We are sympathetic to Gnazzo's situation and mindful that the "unavoidable result we reach in this case is harsh." Burns v. Hartford Hospital, 192 Conn. 451, 472 A.2d 1257, 1261 (1984). Nevertheless, we are equally aware that "it is within the [Connecticut] General Assembly's constitutional authority to decide when claims for injury are to be brought.... Where a plaintiff has failed to comply with this requirement, a court may not entertain the suit." Id.



The judgment of the district court is affirmed.


SWEET, District Judge, dissenting.


I respectfully dissent. The existence of genuine issues of fact as to when Gnazzo "discovered or in the exercise of reasonable care should have [discovered]" her injury should have led the district court to deny Searle's motion for summary judgment.


I have no dispute with the majority's articulation of the elements of the applicable Connecticut statute of limitations. For statute of limitations purposes, a cause of action accrues when a plaintiff suffers actionable harm. Champagne v. Raybestos-Manhattan, Inc., 212 Conn. 509, 521, 562 A.2d 1100, 1107 (1989). Actionable harm occurs when the plaintiff discovers, or should have discovered through the exercise of reasonable care, both that she has suffered physical harm and that there is a causal connection between that harm and the allegedly wrongful conduct of the defendant. Id.; Hamilton v. Smith, 773 F.2d 461, 464 (2d Cir.1985). Nevertheless, I disagree that, applying this standard to these facts, a trier of fact could not find that Gnazzo brought this action within the three-year limitations period.


What the majority would do here today is very much like that which this Court refused to do in Hamilton v. Smith, 773 F.2d 461 (2d Cir.1985). At issue in Hamilton was the interpretation of the analogous Connecticut limitations period for bringing suit in a medical malpractice action.


The plaintiff's decedent ("Hamilton") injured his thumbnail in 1956. In 1959, the defendant, a Dr. Smith, treated him for the injury, diagnosed the problem as chronic paronychia, an inflammatory infection, and excised part of the nail. In 1965, Hamilton was admitted to the hospital where Dr. Smith operated on his thumb. After analyzing a tissue sample taken from the thumb, the hospital pathologist reported to Dr. Smith that Hamilton's condition was paronychia.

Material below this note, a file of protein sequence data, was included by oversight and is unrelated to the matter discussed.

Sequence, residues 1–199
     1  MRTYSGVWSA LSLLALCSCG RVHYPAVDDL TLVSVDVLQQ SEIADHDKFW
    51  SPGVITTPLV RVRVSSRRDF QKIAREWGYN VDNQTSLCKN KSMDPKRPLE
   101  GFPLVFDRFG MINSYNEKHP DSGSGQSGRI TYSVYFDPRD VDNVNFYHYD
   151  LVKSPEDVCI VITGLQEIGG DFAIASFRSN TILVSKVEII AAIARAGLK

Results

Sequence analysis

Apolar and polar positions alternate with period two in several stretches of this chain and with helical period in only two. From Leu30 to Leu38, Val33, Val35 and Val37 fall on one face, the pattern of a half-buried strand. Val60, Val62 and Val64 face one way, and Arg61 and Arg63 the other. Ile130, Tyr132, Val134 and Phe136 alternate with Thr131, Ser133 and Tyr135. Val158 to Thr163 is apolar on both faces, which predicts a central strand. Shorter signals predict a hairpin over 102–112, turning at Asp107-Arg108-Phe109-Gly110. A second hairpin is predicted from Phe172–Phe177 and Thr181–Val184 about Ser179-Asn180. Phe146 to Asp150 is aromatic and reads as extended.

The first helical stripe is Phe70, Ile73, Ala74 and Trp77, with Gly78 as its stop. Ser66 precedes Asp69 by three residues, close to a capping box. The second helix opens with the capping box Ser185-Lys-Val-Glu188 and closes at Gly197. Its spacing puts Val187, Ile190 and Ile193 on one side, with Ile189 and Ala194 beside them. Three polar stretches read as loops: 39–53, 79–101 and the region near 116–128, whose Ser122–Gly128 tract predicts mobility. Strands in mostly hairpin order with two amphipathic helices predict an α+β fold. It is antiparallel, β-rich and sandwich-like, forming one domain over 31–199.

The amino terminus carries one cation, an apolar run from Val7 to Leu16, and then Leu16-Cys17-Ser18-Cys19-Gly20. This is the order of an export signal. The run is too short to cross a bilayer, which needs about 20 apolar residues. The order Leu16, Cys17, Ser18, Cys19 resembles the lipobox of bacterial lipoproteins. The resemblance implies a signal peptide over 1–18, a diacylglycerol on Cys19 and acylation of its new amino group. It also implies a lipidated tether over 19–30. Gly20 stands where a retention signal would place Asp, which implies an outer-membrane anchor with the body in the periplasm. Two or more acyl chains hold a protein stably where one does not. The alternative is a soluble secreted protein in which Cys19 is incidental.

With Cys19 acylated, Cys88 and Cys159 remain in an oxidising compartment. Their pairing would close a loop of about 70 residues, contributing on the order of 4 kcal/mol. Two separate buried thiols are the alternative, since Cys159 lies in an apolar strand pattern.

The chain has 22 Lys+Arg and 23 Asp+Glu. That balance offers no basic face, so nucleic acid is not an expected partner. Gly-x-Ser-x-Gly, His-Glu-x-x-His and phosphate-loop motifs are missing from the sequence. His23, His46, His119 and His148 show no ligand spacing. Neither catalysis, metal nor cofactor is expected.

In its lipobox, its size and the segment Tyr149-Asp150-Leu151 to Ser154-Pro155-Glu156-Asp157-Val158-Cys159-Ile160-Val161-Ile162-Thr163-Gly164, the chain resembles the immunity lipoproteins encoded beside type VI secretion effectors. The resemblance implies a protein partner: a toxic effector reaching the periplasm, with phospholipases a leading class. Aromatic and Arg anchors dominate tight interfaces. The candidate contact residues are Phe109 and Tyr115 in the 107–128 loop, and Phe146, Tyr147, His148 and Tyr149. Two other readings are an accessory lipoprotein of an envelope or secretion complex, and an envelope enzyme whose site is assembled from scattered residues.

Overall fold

Lumps developed on Hamilton's thumb, and in 1973 a doctor in Florida biopsied the tissue and found cancer. In 1975, the thumb was amputated. The cancer spread over the next three years. In 1979, Hamilton learned that slides of the tissue samples tested in 1965 kept by the hospital revealed that the cancer was evident when the tissue was examined in 1965, thus indicating that Dr. Smith had misdiagnosed his condition. Due to the spread of the cancer, Hamilton died in 1980, after which his wife brought an action against Dr. Smith and the hospital for negligent misdiagnosis. Id. at 462-63.


The district court granted summary judgment for the defendant, finding that the limitations clock began to run when Hamilton learned that he had cancer in 1975, four and one-half years prior to his wife's commencement of the action. This Court reversed, holding that by inquiring only as to when Hamilton discovered his physical injury, the district court had improperly construed the meaning of the statute. Under a proper construction of the statute, according to this Court, the limitation starts to run "when the plaintiff discovers both that he has suffered physical harm and the causal connection between that harm and the alleged negligent conduct of the defendant." Id. at 464 (emphasis added). The Court wrote that:


With discovery rules, the limitations period clock does not begin to tick as long as the plaintiff is unaware of the right he seeks to assert.... Under the district court's interpretation of the injury in the instant case, the statute would start tolling plaintiff's rights when the plaintiff learned of his physical injury, even if he had not yet discovered its cause. So read, the limitations period for bringing suit might well be over before a plaintiff even knew that he had a cause of action. This scenario is one that the discovery rule was designed to avoid .... [I]t is more consistent with the general purpose of a discovery rule to commence the limitation period only when the plaintiff discovers the legal injury.